Loving Charlotte M Yonge is like belonging to a secret society. “Oh! Do you read her?” forms an instant bond. There is a real society, the Charlotte Mary Yonge Fellowship. I’ve come late to CMY, which I don’t regret at all as it’s nice to have a whole new lot of books to look out for at affordable prices. I think I’ve read the most important ones, for which you can also read ‘most popular’, but that leaves dozens to go. I’m not interested in the historical stories, only the wonderful family sagas.
I started with The Daisy Chain, when I picked up a copy of the Virago edition, read the first page and fell in love. It’s a good one to start with. Not only is it probably her most popular book among modern readers but The Trial (less good) is a sequel and some of its characters reappear in other books. Who could blame CMY if, having created Dr May and Ethel, she couldn’t resist bringing them into other stories? I’ve also read Heartsease, Dynevor Terrace, The Pillars of the House, The Clever Woman of the Family and, just finished, The Young Step-Mother. I’m glad I read them before reading the biography, Charlotte M Yonge The Story of an Uneventful Life by Georgina Battiscombe, or I wouldn’t have understood the frequent references to the books.
The modern reader needn’t be afraid of the religion which is taken for granted in all the books. Those without any religious background, or with no knowledge of nineteenth century religious history will be missing a subtext but the characters are so real and the dialogue so lively that the books can still be enjoyed. More of a stumbling block is CMY’s firm belief in the inferiority of women to men. Although very learned herself she disapproved of university education for women, thinking that the home influence was best for young women and that education was best guided by family. She was tutored by her own father who, with John Keble, was the greatest influence on her life. The world outside Home was full of pitfalls and temptations, and not just for girls. Poor Gilbert, in The Young Stepmother, meets temptation just about every time he walks out of the front door and lacks the early training to help him resist it. There is a curious reference in the book to The Three Musketeers, which is described as one of the ‘worst’ of Dumas’s novels. Apparently there is something very dreadful in it because when Albinia finds Gilbert reading it, he is ashamed, too. They agree that she will read aloud the enjoyable, amusing parts and he will not look at the rest.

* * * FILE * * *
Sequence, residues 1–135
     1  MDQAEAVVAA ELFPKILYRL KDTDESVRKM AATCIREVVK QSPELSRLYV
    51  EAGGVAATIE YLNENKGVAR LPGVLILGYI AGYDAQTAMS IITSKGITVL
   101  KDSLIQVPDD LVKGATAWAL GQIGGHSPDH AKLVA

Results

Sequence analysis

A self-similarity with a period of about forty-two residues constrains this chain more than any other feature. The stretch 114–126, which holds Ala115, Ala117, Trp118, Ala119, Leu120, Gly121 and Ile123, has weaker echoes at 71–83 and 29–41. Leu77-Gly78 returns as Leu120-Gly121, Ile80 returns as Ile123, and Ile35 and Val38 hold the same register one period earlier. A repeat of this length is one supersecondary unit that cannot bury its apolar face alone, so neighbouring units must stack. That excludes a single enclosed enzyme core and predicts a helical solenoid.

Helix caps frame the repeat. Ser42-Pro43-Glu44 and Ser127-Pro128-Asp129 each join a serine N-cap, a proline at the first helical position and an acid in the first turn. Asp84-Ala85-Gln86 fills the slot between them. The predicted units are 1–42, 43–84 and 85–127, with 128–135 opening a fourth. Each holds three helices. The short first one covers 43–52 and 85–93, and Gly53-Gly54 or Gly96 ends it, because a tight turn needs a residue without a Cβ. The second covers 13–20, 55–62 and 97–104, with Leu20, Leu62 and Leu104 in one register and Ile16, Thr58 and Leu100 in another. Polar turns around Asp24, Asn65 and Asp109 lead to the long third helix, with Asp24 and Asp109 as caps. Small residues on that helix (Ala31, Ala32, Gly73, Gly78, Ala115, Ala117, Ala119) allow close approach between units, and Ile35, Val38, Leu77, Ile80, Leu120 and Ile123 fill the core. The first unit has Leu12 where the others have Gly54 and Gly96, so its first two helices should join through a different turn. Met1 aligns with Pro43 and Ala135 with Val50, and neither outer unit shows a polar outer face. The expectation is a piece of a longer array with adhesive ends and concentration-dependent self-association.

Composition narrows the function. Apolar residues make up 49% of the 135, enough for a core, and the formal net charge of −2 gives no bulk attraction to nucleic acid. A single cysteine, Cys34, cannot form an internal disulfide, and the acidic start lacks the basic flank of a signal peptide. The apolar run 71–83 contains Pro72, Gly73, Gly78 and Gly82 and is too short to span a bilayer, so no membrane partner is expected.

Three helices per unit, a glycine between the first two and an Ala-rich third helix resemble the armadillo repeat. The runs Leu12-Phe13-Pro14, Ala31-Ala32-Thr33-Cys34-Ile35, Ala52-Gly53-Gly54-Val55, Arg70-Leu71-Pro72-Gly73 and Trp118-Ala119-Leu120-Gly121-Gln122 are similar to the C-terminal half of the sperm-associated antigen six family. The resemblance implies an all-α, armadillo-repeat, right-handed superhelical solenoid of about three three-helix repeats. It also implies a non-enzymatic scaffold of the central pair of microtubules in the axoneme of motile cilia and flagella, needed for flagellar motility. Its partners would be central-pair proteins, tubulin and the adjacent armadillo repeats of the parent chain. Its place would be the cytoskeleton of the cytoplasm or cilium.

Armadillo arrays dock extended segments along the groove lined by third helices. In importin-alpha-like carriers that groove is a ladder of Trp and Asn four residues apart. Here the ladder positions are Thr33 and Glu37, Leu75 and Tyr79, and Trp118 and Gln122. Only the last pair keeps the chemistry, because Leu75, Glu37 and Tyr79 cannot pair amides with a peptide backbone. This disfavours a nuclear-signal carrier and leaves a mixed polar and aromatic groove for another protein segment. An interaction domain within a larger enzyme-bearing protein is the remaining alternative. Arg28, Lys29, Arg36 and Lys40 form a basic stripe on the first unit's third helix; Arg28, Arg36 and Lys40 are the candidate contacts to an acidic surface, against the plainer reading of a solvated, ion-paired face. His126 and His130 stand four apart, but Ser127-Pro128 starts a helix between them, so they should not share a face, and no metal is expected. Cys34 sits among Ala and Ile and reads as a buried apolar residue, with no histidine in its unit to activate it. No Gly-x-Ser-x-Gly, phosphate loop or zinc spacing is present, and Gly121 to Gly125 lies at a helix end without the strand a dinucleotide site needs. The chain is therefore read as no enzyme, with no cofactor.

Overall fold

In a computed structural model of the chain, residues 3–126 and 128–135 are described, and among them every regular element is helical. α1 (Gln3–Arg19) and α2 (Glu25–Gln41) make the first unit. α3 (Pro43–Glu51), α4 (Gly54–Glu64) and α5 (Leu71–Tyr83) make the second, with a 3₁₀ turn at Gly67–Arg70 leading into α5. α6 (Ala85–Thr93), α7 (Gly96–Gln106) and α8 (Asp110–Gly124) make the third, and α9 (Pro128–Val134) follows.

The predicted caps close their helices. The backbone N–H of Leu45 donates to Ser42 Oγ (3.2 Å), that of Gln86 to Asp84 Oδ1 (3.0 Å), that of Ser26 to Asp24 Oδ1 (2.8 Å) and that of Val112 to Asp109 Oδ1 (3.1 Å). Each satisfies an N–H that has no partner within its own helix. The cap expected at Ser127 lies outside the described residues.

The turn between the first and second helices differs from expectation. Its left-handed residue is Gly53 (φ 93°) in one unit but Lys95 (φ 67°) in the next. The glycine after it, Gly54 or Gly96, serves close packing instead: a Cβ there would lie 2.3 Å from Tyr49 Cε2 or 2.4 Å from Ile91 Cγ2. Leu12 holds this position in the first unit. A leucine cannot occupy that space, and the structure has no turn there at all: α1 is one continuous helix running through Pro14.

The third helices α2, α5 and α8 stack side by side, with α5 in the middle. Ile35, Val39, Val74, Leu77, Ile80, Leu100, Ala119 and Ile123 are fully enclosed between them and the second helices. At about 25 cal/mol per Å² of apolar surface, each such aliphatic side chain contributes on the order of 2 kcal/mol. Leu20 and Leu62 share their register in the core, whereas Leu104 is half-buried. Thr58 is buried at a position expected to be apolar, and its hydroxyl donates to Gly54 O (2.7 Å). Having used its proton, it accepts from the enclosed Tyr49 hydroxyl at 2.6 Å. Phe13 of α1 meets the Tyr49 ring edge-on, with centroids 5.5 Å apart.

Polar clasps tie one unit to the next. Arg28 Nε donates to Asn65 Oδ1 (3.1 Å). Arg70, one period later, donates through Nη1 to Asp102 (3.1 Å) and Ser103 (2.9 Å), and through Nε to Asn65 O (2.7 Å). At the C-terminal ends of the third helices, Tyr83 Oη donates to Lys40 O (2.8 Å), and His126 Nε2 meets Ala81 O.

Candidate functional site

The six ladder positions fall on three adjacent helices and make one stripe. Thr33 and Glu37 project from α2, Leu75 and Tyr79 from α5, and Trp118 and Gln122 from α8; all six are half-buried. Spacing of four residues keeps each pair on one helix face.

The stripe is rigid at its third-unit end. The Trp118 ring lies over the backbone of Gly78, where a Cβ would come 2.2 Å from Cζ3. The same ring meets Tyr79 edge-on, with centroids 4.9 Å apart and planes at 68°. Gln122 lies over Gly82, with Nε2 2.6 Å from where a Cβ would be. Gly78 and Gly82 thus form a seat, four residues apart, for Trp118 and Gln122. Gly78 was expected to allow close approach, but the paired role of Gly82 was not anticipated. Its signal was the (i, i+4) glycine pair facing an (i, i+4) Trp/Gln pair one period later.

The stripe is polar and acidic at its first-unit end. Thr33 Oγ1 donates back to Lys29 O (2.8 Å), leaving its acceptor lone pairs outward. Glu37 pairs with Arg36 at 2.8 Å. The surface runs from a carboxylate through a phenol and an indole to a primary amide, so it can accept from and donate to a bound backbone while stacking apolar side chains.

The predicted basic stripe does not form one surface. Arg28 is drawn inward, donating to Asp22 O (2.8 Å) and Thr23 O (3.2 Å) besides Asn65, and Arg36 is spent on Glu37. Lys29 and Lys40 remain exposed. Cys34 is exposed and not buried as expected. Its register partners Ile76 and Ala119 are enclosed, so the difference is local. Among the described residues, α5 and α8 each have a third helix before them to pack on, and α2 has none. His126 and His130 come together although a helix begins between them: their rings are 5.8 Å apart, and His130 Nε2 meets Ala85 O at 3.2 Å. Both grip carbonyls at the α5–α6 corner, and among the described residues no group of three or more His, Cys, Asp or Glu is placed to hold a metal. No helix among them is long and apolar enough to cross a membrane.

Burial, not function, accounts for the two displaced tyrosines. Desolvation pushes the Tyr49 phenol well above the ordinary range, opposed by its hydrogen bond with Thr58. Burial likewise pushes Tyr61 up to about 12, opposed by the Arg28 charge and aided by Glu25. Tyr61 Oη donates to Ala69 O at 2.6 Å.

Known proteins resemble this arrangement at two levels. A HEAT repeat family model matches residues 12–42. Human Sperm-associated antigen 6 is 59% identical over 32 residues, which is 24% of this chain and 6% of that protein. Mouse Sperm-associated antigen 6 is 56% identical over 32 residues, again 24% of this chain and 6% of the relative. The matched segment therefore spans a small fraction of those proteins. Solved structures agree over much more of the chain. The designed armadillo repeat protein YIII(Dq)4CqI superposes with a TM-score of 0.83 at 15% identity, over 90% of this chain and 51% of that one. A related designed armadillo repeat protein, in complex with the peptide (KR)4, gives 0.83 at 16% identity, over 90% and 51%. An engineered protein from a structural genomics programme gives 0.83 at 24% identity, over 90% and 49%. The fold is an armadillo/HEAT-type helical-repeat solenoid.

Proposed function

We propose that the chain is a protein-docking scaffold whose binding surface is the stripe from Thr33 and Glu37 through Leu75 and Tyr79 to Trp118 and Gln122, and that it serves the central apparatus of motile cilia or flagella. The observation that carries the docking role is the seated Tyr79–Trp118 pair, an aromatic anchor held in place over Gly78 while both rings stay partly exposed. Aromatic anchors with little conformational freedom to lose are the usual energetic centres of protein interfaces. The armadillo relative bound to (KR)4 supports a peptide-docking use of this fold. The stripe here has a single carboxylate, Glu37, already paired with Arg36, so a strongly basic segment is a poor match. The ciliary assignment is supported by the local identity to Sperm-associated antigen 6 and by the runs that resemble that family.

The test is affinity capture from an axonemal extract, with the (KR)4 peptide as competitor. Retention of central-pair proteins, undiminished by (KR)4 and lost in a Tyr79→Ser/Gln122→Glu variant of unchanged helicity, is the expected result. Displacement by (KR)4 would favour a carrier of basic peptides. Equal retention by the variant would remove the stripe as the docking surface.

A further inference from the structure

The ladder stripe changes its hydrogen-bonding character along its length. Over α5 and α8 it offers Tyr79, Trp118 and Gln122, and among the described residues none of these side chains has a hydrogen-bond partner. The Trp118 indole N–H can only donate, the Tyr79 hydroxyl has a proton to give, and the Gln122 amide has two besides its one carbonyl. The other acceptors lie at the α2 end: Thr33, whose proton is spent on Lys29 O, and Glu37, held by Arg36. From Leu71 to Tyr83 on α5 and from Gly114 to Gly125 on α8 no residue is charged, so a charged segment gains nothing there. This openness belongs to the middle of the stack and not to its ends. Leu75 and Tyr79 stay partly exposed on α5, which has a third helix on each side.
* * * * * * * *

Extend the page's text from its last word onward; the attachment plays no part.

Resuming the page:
CMY created many strong, lively, witty female characters but they are all in need of male support. Albinia, for instance, in The Young Stepmother, is aristocratic, beautiful, full of energy and good intentions but inclined to be impetuous and needs to be restrained by her husband and, especially, her wise brother. The ‘Clever Woman of the Family’, who is not really so clever after all, has to be tamed by marriage and motherhood. There are humbling experiences for many of her other heroines. I find it very hard that Ethel, in The Daisy Chain, who is even more brilliant at classics than her brother Norman, is untidy, has ‘two left hands’ and is really fit for an academic life rather than a domestic one, willingly gives up her studies in order to keep house for her father and siblings.
It is very important to remember that though we may see this as a sacrifice it is a willing one and one that Ethel thinks worthwhile. If you are the sort of reader who doesn’t suffer agonies with Jane and Lizzie over Lydia’s behaviour in Pride and Prejudice and thinks Jane Austen too tough on the characters in Mansfield Park, you may find CMY difficult, if endlessly discussable, and will never understand why it was so important to build a church at Cocksmoor. CMY obviously knew Jane Austen’s books very well and expected her readers to know them. In The Pillars of the House Geraldine remarks, after a visit from Alda, “It was just like Fanny Price at Portsmouth.” Of the books I have read so far my favourites are The Daisy Chain and Heartsease. For those who can see sexiness in Jane Austen, Heartsease is rather a sexy book.